The disease chooses its prey without disparity on the basis of economics, and strikes people across the board, whether they are rich or poor. In the opinion of Dr Uroosa Talib, Psychiatrist and Head of Medical Services, Karwan-e-Hayat Hospital, the prevalence rate of mental illness is high. “1 in every 4 persons in Karachi suffers. The reasons are many. Lack of basic amenities like water and electricity, poverty, street crime, terrorism and violence,” she says, talking about the social reasons for depression.

Read also: An overdose of self-medication

Shedding light on the medical causes of depression, Dr Syed says that depression can be the primary illness or frequently also be triggered by other medical problems, such as thyroid disorders or neurological diseases. It can be related to pregnancy or menstruation or even to medications or vitamin deficiency. “All depression is neurological in the sense that it is related to brain abnormality. It is associated with changes in chemicals in the brain, such as serotonin norepinephrine or dopamine. Many neurological disorders can be a reason for depression like stroke, Parkinson’s disease, migraine headaches, dementia, or pain from any cause.”

Treatment of depression can be an expensive prospect, and mental healthcare providers are not readily accessible. “In Karachi, Jinnah Hospital and Civil Hospital have psychiatric facilities. Other public hospitals just have OPDs,” says Dr Talib.

Treatment of depression can be an expensive prospect, and mental healthcare providers are not readily accessible for the underprivileged. “In Karachi, Jinnah Hospital and Civil Hospital have psychiatric facilities. Other public hospitals just have OPDs that prescribe anti-psychotics and that is not enough,” says Dr Talib, adding that treatment requires both talk therapy and medication.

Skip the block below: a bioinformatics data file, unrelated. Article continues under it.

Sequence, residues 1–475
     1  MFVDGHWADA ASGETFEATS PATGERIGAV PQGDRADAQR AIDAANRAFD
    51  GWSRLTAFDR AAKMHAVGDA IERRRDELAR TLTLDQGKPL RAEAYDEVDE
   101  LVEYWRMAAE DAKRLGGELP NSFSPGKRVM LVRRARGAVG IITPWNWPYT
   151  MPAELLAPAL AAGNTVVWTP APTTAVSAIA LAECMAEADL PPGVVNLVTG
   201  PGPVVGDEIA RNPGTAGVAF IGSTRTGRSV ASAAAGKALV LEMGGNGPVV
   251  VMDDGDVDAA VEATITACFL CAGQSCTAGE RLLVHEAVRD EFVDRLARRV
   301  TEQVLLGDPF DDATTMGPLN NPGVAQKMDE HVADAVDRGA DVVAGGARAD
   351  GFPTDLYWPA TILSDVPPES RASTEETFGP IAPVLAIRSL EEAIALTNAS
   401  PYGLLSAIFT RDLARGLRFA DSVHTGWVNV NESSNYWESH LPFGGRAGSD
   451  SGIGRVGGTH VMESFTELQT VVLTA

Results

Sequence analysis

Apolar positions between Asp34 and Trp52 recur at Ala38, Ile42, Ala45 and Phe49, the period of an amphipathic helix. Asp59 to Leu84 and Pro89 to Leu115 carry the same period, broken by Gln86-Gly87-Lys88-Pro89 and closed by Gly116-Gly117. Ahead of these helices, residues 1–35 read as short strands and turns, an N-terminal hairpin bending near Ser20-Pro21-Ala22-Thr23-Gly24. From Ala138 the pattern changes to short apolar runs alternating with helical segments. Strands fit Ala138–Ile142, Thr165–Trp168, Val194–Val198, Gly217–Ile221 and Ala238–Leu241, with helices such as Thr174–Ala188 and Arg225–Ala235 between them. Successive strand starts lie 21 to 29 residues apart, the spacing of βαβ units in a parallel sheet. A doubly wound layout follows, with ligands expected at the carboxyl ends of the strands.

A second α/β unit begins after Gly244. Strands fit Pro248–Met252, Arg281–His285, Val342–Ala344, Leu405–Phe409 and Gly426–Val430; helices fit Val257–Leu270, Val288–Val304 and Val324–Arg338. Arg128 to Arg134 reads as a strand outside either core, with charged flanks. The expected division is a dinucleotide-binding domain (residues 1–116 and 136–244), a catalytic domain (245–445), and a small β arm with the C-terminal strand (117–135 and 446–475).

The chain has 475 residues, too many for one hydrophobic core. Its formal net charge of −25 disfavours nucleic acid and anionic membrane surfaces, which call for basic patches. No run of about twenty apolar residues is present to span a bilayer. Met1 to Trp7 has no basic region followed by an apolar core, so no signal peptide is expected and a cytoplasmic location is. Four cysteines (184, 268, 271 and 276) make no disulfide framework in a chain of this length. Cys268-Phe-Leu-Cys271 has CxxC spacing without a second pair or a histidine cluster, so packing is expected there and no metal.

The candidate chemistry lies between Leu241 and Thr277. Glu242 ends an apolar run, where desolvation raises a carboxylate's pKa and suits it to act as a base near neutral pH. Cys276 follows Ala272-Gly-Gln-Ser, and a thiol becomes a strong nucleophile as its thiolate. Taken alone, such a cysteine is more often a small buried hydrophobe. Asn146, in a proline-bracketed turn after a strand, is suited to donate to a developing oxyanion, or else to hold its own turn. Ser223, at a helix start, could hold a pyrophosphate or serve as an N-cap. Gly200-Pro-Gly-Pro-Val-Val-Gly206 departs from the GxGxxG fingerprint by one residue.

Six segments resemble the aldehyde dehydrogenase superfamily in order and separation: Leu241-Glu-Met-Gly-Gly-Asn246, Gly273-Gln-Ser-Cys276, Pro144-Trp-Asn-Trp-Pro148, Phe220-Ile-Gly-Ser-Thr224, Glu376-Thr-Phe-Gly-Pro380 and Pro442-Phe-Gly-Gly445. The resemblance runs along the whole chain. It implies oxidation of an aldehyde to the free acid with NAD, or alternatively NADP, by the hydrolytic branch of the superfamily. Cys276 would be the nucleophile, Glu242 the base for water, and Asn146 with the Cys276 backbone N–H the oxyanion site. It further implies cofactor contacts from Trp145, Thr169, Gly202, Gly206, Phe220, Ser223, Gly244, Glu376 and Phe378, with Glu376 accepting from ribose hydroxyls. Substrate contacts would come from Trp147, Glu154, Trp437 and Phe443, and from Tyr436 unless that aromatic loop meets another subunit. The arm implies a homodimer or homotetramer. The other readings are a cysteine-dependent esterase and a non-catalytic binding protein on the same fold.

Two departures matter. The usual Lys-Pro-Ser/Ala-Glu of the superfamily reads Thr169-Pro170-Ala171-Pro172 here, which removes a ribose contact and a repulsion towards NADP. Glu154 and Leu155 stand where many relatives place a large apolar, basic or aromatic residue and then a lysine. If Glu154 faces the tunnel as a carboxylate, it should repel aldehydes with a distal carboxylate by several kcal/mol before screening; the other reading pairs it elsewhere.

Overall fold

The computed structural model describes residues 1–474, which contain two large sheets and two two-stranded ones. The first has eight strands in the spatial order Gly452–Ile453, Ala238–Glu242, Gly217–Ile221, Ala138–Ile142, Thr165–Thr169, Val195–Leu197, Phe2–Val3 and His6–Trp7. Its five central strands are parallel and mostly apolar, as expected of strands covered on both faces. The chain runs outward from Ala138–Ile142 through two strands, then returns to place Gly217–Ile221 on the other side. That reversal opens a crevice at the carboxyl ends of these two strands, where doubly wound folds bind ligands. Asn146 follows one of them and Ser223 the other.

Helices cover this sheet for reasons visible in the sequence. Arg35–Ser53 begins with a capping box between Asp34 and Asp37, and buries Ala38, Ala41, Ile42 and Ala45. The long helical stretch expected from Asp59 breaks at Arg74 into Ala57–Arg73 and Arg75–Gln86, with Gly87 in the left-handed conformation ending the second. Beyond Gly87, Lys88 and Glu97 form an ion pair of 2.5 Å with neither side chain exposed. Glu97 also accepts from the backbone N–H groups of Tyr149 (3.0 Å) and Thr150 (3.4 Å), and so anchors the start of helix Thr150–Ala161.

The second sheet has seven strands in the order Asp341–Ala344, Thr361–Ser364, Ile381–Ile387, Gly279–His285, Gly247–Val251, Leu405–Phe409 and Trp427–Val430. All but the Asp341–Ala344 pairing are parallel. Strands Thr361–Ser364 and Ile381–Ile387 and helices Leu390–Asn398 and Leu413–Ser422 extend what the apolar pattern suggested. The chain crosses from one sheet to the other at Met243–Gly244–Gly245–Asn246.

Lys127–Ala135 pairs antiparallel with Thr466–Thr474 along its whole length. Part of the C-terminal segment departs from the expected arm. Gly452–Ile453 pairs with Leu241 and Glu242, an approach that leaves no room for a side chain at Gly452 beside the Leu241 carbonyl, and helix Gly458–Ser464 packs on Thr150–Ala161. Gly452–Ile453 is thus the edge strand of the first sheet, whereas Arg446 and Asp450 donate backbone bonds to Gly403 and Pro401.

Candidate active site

Dr. Syed says the most common medicines used in Pakistan are Escitalopram, Citalopram, Fluoxetine, Paroxetine and Sertraline, sold under various brand names.

Medication to treat depression is a potential lifesaver, but must be prescribed by doctors qualified to prescribe them. “Most of the medicines sold over the counter are anxiolytics like Lexotanil, Xanax and Valium. These are more addictive and people use them as hypnotics,” says Lateef, talking about the popular benzodiazepines class of medicines that are used and abused readily. “Anti-depressants’ effect is not immediate; their impact takes time to show. However, a new class of anti-depressants has a quicker onset of effect.”

“A study shows that 60-65 per cent of the patients visiting primary care physicians are patients of depression and anxiety,” says Dr Talib. However, most of those coming to the general physician don’t even know what they are suffering from. “They complain of chronic symptoms like backache or fatigue, which are actually physical manifestations of depression. We go to the doctor and take medicines for physical symptoms, but not for mental illnesses.”